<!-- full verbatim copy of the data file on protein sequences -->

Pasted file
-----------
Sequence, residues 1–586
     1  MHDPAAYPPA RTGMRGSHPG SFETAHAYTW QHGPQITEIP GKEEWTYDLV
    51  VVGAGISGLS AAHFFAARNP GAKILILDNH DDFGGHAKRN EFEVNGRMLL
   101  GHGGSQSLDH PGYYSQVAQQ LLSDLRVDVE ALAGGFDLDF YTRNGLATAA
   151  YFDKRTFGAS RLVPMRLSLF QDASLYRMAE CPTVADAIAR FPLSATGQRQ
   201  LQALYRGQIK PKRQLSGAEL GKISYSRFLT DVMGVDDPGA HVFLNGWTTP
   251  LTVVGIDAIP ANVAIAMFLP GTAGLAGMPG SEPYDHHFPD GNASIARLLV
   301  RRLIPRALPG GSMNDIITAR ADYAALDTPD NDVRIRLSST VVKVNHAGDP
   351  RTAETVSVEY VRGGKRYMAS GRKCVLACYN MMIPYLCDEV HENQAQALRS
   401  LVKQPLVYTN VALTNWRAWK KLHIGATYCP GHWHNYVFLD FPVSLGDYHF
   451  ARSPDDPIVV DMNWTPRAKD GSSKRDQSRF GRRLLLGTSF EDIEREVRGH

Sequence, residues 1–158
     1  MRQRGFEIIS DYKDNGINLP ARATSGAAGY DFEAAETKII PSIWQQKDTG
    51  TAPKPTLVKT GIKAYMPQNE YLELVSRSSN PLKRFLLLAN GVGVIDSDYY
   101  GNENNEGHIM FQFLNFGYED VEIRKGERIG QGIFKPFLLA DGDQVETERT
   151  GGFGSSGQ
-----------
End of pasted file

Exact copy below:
Sequence, residues 1–586
     1  MHDPAAYPPA RTGMRGSHPG SFETAHAYTW QHGPQITEIP GKEEWTYDLV
    51  VVGAGISGLS AAHFFAARNP GAKILILDNH DDFGGHAKRN EFEVNGRMLL
   101  GHGGSQSLDH PGYYSQVAQQ LLSDLRVDVE ALAGGFDLDF YTRNGLATAA
   151  YFDKRTFGAS RLVPMRLSLF QDASLYRMAE CPTVADAIAR FPLSATGQRQ
   201  LQALYRGQIK PKRQLSGAEL GKISYSRFLT DVMGVDDPGA HVFLNGWTTP
   251  LTVVGIDAIP ANVAIAMFLP GTAGLAGMPG SEPYDHHFPD GNASIARLLV
   301  RRLIPRALPG GSMNDIITAR ADYAALDTPD NDVRIRLSST VVKVNHAGDP
   351  RTAETVSVEY VRGGKRYMAS GRKCVLACYN MMIPYLCDEV HENQAQALRS
   401  LVKQPLVYTN VALTNWRAWK KLHIGATYCP GHWHNYVFLD FPVSLGDYHF
   451  ARSPDDPIVV DMNWTPRAKD GSSKRDQSRF GRRLLLGTSF EDIEREVRGH

Sequence, residues 1–158
     1  MRQRGFEIIS DYKDNGINLP ARATSGAAGY DFEAAETKII PSIWQQKDTG
    51  TAPKPTLVKT GIKAYMPQNE YLELVSRSSN PLKRFLLLAN GVGVIDSDYY
   101  GNENNEGHIM FQFLNFGYED VEIRKGERIG QGIFKPFLLA DGDQVETERT
   151  GGFGSSGQ